We left at 6am to drive from Maradi to Niamey. Our plan was to visit the new school at Madaoua and meet with the school committee at Dogon Doutchi on the way. There is a two-lane road that traverses the southern part of Niger from West to East. Maradi is near the center of that road, close to the border of Nigeria. It takes about 9 -10 hours to go from Maradi to Niamey. It took us over 14 hours because of the two stops we made. It is an understatement to say that it was a very encouraging and energizing day – despite its length and heat.
When we arrived at the new kindergarten in Madaoua, we were immediately impressed with how organized everything was. They have 23 very energetic students, a dedicated teacher and an excellent administrator. The children were not timid! As we worked with the sponsored students on their cards, I thought it was great that at such a young age they are absolutely certain about what they want to be when they are older. Of course, those ideas will probably change, but it’s neat that they are already thinking about it and are not shy about sharing it with us. Many of the new students would like to be teachers and one is very sure that he will be in the army. He certainly had the pose down.
We were a little surprised to see a very small child in the same school uniform as the 4 and 5 year olds. This 2 year old is a typical toddler with a very short attention span. But, the father, who is a policeman was so eager to have his children attend school that the administrator could not turn him away. And it’s not uncommon for 3 year olds to go to preschool. When we were talking to the administrator, he jokingly told us that this student would be the most educated student in Niger when he finishes his studies at University.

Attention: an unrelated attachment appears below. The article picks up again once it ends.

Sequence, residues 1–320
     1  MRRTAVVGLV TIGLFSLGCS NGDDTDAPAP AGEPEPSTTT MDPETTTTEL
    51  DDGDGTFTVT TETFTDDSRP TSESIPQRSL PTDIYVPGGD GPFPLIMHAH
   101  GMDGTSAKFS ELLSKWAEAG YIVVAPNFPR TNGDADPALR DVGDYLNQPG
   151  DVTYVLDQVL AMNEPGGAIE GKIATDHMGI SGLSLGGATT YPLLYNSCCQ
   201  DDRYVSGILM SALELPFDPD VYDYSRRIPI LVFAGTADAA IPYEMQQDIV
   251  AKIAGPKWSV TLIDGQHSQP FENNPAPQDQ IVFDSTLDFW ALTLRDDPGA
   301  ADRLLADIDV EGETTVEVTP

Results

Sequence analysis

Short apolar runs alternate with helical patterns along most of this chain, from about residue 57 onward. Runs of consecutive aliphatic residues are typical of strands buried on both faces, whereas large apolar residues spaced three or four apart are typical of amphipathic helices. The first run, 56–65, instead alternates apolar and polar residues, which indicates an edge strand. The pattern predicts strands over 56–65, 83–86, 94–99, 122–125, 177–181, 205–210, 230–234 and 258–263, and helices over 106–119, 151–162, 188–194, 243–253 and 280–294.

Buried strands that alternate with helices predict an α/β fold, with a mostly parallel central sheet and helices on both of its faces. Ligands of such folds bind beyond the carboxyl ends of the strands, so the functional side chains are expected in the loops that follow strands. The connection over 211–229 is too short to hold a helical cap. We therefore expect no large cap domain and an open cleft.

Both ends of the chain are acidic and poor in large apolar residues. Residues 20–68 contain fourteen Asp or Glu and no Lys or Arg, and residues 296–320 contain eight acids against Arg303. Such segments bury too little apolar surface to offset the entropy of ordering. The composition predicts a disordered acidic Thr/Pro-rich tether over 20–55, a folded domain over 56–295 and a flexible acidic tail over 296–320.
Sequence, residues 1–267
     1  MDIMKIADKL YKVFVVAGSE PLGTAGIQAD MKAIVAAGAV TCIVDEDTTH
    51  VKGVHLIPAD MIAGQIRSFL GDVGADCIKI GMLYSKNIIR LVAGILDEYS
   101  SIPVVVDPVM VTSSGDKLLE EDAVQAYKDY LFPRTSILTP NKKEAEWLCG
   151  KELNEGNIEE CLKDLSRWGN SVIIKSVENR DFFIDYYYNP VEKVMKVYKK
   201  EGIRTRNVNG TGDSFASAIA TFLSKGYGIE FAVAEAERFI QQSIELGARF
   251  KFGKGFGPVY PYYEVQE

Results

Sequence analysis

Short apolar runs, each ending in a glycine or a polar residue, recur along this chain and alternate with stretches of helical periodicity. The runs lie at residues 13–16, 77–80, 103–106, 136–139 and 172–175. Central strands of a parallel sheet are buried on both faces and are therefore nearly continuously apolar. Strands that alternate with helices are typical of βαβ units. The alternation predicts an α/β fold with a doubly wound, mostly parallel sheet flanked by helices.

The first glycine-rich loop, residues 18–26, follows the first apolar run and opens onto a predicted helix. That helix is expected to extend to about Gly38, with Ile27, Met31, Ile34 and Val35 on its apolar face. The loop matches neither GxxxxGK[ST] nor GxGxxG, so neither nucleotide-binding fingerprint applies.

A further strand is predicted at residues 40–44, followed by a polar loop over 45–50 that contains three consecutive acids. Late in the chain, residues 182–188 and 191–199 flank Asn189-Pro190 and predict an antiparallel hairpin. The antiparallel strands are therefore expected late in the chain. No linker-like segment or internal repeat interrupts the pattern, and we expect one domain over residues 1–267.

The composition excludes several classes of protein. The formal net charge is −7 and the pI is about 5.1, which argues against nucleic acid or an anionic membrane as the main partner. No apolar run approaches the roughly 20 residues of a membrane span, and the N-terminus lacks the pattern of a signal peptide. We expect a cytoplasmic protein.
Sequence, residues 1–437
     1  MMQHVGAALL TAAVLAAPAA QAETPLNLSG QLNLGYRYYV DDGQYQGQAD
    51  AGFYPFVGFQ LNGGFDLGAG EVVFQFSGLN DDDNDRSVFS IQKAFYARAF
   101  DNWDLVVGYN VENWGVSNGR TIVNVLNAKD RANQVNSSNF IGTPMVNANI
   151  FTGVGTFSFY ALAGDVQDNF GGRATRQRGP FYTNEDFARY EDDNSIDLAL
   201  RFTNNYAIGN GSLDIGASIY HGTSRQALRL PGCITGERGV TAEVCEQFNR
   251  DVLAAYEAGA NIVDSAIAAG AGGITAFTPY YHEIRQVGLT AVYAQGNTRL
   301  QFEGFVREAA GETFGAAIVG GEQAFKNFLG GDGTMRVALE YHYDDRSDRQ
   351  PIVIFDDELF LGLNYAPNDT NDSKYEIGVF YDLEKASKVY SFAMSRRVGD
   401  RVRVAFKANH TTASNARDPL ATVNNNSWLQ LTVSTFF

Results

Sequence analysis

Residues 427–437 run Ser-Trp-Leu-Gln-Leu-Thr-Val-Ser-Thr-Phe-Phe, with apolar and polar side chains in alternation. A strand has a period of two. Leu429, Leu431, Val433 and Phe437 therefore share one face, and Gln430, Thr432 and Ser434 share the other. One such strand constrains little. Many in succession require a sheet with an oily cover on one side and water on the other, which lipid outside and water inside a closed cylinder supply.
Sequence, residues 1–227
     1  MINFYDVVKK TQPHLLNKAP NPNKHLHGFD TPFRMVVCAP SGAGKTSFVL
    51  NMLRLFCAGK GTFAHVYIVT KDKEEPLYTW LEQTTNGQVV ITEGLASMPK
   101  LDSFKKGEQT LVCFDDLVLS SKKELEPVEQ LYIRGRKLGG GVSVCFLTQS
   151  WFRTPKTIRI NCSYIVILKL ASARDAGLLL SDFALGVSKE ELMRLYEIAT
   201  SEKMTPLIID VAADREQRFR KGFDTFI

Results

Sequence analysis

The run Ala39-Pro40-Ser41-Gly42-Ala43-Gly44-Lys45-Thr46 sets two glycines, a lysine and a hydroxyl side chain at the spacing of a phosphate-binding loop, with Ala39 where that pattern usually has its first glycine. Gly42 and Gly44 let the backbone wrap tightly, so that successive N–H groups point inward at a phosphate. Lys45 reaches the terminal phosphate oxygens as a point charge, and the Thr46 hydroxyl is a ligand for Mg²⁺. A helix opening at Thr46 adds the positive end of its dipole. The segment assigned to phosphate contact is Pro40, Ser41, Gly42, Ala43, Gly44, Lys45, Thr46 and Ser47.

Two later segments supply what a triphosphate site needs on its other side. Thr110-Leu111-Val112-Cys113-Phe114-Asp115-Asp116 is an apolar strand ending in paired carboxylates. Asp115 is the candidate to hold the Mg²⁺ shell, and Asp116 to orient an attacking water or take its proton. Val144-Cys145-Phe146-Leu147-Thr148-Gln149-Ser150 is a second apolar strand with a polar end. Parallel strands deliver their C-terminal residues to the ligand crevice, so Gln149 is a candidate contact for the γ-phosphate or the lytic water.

Before we left Madaoua, we were honored with a meal that was prepared for us. It was absolutely delicious! We had millet cakes and a beef sauce over rice. We saw this as another reflection of how excited they are about establishing a quality school in their community. It was a kind and generous gesture for which we are very grateful.
Four hours later we arrived at Dogon Doutchi, where we were again honored with a meal when we got there. The school committee has been planning for a primary school for over eight years. They are really encouraged that they have partners who will come along side of them to help them make their vision a reality. It was exciting to hear about their vision and plan and visit the site where the school will be built. It was as if they could already see the school buildings as they pointed to the places where they would be constructed.
We also visited the site of the local church while we were there. I found it interesting that there are dorms on the church property where boys and girls can come to stay in order to go to middle school and high school. This is a great service that they are providing to these students, as they wouldn’t otherwise have the opportunity to continue with their studies since the families live in villages where there are no secondary schools.
We finally reached Niamey, our final destination around 8pm. We were exhausted, but energized!